I’ve never cared for ‘base price’ advertising with cars… you can say an E class ‘starts at $53,500 (per the window sticker above), but if I’ve never seen an E class without the $4,000 P01 Package, and they all get the ‘destination and delivery’ charge added to them… any E class you’d actually want to own is $58,000+ in 2013.
In the end, it depends upon each potential owner… what do you, the guy who’s about to buy a $60,000+ car want? Are you looking for the best deal (read, cheapest car), do you want what you want, exactly how you want it? Maybe a factory order is best for you then. Try a European delivery if you want. If you want a nicely equipped car that makes sense, you can usually find it in your local dealer’s inventory. If they don’t have what you want, they can probably perform a ‘locate’ or ‘dealer trade’, they can find what you want and truck it in for you, but remember, the ‘best deal’ is always on what’s in stock… Mercedes-Benz will make you a pink E class with gold plated wheels if you want them to, with money, you can buy anything… but for most of us, a P01 Package E class is all the car we’ll ever need.
I am beginning to compile a comprehensive list of all the Premium 1 and Premium 2 Package contents for the most common Mercedes-Benz vehicle classes starting with the 2008 model year. I will add them to the blog soon.
As luxury auto sales hit record numbers during the first quarter of 2013, the sales race between Mercedes-Benz, BMW and Lexus is heating up. Dealerships are looking for new ways to differentiate themselves and offer their customers something new and innovative. Mercedes-Benz Sprinter van sales are brisk across the U.S. Mercedes-Benz trucks and commercial vehicles are the norm in Europe. Sears Imports Mercedes-Benz in Minnetonka, a family owned car dealership for more than 40 years, continues to innovate with their announcement of a business expansion in to the lucrative Mercedes-Benz commercial vehicles market, specifically, the funeral coach market, hearses based on the Mercedes-Benz E class.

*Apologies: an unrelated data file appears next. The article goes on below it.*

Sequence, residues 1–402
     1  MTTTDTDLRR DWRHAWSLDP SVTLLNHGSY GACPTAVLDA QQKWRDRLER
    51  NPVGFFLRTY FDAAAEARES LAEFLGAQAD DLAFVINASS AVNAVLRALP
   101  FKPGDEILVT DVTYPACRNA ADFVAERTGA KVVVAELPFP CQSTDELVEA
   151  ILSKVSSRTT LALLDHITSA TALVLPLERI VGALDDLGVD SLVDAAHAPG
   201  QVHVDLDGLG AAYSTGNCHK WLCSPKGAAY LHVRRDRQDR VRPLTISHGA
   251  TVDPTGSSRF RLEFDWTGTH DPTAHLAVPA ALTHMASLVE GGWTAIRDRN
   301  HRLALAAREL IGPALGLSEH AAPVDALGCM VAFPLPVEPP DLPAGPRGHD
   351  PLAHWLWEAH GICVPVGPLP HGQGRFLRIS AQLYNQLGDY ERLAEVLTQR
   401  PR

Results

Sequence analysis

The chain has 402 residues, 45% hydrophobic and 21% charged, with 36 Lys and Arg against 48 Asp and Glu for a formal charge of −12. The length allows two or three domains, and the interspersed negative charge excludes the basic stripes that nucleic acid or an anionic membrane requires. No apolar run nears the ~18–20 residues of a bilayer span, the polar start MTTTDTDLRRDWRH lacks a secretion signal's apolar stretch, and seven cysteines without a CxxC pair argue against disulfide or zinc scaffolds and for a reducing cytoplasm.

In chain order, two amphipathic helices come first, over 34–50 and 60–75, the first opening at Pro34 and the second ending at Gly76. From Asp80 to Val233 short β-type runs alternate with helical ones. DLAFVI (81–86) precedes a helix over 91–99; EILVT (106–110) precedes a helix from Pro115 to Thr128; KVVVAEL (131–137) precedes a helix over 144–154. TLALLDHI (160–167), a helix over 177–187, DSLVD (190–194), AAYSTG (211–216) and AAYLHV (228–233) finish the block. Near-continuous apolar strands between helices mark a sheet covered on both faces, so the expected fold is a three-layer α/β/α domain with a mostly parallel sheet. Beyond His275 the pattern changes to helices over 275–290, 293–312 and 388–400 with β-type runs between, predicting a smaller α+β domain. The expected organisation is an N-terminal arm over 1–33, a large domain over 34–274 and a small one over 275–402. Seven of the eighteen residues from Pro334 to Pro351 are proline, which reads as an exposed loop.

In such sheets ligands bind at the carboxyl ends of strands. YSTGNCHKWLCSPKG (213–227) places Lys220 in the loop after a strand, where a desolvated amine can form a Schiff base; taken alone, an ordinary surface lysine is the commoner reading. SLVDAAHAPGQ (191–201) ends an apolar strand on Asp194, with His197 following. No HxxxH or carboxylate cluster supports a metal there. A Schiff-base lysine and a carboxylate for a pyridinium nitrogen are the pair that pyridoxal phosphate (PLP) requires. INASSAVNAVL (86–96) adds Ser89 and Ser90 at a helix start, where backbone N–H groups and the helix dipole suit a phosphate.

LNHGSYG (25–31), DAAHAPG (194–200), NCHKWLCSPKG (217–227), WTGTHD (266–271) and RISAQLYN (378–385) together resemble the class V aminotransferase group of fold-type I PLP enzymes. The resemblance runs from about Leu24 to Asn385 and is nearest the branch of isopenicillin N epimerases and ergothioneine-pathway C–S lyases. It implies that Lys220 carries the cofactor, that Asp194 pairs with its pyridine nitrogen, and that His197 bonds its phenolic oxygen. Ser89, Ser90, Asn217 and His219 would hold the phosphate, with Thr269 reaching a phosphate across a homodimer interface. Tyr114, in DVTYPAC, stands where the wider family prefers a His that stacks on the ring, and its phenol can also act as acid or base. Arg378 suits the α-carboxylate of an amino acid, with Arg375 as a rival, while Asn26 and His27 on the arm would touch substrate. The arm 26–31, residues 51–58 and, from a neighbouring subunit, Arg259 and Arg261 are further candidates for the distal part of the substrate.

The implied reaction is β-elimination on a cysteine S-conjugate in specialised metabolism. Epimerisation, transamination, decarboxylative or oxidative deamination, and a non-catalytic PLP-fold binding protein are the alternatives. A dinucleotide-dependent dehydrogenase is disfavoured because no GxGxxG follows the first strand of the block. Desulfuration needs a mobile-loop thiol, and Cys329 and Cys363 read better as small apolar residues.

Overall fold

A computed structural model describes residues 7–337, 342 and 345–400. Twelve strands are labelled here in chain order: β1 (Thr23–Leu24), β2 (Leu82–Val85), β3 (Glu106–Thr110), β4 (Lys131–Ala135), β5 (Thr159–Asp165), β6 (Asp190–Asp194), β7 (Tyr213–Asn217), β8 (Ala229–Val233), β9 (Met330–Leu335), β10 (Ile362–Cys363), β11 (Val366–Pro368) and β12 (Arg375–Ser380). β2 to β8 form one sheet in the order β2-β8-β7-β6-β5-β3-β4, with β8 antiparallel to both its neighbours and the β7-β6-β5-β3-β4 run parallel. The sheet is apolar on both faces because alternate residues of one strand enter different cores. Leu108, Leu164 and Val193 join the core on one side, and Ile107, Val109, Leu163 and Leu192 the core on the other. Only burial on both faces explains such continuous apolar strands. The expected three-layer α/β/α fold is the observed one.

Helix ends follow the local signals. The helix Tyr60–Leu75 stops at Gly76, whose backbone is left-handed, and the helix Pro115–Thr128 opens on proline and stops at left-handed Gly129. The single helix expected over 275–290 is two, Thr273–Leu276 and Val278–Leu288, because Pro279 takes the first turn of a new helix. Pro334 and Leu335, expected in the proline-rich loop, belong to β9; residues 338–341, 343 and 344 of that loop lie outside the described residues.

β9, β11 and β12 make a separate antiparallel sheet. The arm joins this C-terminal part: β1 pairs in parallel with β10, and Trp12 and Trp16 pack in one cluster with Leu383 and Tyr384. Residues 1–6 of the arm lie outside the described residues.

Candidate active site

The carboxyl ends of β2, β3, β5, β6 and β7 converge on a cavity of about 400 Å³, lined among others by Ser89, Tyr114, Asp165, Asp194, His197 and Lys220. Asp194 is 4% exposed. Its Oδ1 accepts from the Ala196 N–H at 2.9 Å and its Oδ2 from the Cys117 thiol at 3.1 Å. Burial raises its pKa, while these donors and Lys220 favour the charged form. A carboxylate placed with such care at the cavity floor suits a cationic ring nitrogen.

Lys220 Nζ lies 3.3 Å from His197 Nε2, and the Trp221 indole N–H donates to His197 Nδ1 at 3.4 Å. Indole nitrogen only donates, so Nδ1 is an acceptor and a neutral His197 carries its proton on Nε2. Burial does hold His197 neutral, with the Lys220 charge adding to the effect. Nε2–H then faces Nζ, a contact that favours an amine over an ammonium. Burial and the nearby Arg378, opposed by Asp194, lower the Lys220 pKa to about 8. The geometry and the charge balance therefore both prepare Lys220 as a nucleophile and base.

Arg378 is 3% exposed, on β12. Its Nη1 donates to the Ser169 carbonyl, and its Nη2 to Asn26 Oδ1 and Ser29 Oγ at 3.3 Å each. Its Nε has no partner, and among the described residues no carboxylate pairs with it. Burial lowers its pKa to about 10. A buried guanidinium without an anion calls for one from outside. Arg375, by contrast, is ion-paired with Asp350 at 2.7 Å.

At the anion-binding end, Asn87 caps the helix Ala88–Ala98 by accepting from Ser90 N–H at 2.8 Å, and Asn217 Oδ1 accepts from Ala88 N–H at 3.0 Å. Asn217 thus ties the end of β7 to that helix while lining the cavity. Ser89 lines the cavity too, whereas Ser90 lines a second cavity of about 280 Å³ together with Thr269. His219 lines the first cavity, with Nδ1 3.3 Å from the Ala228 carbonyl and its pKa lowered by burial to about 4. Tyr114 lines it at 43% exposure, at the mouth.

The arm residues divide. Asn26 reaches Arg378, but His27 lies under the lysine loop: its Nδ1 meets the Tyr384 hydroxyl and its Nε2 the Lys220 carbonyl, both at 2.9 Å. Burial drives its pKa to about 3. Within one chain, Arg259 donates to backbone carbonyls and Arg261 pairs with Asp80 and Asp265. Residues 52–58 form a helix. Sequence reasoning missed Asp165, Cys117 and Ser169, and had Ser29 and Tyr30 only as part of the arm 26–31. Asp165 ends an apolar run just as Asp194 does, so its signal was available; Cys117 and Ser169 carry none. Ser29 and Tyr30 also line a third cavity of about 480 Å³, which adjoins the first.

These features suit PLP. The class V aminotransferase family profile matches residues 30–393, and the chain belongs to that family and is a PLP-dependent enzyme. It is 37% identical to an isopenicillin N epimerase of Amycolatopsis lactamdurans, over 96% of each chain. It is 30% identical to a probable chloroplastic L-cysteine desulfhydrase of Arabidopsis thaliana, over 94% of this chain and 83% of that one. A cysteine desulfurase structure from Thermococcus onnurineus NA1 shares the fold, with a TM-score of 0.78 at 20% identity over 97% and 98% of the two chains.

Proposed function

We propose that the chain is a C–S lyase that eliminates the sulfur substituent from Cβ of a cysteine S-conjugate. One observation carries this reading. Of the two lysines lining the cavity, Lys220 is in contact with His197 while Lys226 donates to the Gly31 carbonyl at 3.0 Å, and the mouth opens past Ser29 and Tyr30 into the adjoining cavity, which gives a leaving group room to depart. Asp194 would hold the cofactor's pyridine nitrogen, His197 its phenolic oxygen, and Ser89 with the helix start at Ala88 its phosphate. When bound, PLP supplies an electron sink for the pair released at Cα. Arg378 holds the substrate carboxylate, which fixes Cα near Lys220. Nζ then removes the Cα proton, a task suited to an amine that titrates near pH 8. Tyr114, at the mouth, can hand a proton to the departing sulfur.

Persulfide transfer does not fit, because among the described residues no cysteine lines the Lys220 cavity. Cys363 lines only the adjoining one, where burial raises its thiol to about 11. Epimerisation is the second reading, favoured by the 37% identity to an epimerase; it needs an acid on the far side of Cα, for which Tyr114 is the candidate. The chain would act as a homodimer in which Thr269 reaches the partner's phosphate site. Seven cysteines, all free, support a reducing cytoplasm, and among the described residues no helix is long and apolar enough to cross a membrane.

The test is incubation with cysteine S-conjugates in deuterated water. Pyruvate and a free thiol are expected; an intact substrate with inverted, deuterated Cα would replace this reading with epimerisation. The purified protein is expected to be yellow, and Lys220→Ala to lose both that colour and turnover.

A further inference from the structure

It’s this type of innovation that has kept Sears Imported Autos in Minnetonka, MN at the forefront of Mercedes-Benz sales and customer service over the years. To say Sears a full service dealership is an understatement, they take care of their customer’s vehicle needs throughout their lives, and now, beyond.
“Sears is a unique company in that we’re willing to take calculated risks to enter a new market if we think it can work” says Mike Roeder, General Sales Manager at Sears Imported Autos about their foray into the funeral coach market.
“The baby boomers aren’t getting any younger,” says Gary Emfield, new Mercedes-Benz manager at sears Imports, “after polling a number of local funeral homes regarding their transportation needs it became clear that a high end option for funeral coaches was grossly lacking, we’re simply offering an alternative to the typical Cadillac or Lincoln hearse.” Emfiled is optimistic about the new segment “Our first three units are already spoken for, due to be delivered to local funeral homes later this month.”
It’s true, Europeans have been taking their ‘last rides’ in Mercedes-Benz hearses for more than 50 years. Sears Imports believes their clients who drove Mercedes-Benz vehicles throughout their lives, will appreciate taking their ‘last ride’ with dignity in a Mercedes-Benz.
Teaming up with the German firm Huiskamp Carrosserie, makers of specialty vehicles for over three decades in Germany, Sear Imports hopes to deliver between 100 and 125 units throughout the United States during 2013. “We are the exclusive Huiskamp representatives in the United States” reports Roeder, “We’re making the investment, we knew we wanted an exclusive deal with Huiskamp, it’s the only way we would have done it.”
For more information on these new Mercedes-Benz hearses, please feel free to contact me directly… Dave Tobin, 952-512-6685, you only go around once, right?
(See date on this post below… April Fools!)